This is a presentation that was done on these two topics in which the presenters focused on a different photographer or artist to show different aspects of this topic.
These photos were taken by Diaz using a kite and a pinhole camera to get a birds-eye view landscape shot. He uses a tilt-shift effect to make the subject of this photos appear as miniatures as this adds meaning to them. Take the second shot for example. The tilt-shift technique makes the large landscape appear to just be a toy in an amusement park, like all the effort to build these huge structures is redundant in the size of the huge world.
Lauren Marsolier is another landscape photographer. She uses very simple photo subjects with a focus on composition to add meaning to her images. There is also a recognisable colour pallet consistency throughout her photos of bland colours, which adds to the emptiness of her images. There is also a theme of symmetry throughout her photos which I feel adds to the sense of emptiness, that there were people and they have left and all that is left is the location. This may be my favourite photographer I have come across whilst on this course, I just think these shots are beautiful.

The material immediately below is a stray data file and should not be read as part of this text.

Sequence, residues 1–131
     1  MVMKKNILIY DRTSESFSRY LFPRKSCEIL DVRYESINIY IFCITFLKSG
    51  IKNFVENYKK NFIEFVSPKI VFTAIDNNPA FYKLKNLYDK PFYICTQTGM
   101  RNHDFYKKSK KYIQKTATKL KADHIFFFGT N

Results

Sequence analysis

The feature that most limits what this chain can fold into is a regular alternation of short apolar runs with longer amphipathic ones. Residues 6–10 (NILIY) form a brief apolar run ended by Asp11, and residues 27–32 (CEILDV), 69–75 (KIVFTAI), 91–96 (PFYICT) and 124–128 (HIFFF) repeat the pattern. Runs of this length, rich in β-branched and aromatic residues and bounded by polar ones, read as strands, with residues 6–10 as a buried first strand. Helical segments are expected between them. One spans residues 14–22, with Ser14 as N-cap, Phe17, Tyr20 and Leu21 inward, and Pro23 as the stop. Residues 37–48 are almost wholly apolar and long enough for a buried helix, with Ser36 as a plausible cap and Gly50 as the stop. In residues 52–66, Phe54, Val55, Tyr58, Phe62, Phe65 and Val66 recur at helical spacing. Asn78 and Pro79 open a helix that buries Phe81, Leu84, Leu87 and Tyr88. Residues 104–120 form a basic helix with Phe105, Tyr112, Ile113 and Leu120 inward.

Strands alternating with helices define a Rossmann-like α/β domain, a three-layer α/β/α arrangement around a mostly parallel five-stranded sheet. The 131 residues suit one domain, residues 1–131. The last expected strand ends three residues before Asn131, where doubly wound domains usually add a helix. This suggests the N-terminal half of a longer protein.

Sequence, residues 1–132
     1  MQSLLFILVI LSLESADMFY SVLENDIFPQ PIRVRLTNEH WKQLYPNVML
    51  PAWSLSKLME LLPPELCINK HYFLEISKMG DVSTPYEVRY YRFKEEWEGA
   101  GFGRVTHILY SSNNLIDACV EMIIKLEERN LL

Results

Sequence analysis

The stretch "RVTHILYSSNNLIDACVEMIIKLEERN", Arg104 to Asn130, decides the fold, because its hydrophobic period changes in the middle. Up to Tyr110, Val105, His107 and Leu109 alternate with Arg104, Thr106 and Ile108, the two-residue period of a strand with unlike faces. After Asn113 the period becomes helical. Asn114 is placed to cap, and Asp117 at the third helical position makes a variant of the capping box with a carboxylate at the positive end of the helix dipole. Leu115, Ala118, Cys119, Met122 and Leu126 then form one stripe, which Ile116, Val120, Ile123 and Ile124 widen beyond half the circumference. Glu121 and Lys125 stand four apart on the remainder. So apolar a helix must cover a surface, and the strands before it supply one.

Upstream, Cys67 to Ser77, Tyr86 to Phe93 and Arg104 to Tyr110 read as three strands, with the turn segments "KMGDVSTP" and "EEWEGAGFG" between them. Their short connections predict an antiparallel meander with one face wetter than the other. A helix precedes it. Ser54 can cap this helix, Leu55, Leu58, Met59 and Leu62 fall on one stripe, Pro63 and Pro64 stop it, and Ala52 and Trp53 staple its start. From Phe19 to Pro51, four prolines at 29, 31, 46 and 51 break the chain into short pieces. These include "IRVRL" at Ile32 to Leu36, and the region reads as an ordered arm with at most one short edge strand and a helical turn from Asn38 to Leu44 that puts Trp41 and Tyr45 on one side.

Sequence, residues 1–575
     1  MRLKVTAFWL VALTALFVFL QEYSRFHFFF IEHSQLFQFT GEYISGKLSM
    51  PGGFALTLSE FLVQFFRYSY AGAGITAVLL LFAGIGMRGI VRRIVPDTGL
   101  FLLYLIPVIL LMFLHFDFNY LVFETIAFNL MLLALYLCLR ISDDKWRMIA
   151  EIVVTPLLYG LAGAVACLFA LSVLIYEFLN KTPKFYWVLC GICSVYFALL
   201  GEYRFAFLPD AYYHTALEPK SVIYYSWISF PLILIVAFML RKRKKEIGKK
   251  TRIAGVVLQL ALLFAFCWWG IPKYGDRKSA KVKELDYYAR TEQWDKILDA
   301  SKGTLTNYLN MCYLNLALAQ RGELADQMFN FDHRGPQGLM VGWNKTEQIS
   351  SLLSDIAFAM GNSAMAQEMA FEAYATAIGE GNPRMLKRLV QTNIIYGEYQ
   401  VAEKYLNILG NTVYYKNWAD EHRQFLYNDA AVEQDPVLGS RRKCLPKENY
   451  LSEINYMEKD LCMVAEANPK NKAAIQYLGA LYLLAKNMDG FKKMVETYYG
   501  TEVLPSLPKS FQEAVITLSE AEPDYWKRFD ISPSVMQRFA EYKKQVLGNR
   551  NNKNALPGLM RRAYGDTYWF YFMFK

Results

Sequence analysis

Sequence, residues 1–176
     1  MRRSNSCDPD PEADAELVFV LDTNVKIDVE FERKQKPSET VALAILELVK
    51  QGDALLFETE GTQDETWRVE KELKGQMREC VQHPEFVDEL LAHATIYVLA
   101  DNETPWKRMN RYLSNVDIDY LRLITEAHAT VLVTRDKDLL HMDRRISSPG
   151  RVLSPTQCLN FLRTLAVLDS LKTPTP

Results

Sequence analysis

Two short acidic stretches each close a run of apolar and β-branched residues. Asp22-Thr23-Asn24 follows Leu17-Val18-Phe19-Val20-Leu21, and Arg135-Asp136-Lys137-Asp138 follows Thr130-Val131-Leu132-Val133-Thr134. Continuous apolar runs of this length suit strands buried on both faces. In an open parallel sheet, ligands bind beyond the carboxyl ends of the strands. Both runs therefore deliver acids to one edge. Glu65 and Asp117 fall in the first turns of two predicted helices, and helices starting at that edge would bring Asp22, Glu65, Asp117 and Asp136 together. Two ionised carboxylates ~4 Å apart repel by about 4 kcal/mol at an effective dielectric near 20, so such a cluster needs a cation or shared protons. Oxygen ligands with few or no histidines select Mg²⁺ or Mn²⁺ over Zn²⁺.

Alexander Gronsky is a landscape photographer who focuses on ‘location influencing emotion’. He has a series of photos he named, Less than One, in which he took images showing locations in the world where the population density is less than one person for every 10 square kilometres. He romanticises forgotten or neglected areas by showcasing their isolation as beauty.
Mishka Henner isn’t so much a photographer as an artist who collects and compiles images. He uses digital technology a lot, particularly Google’s Google Earth and Google Street View.
In this series, Henner gathered screenshots from Google Earth of Dutch military and government sites they desired to keep secret. The covering of these areas with pixels is an interesting concept, as is the fact that Henner does not take these images himself, he merely collects them.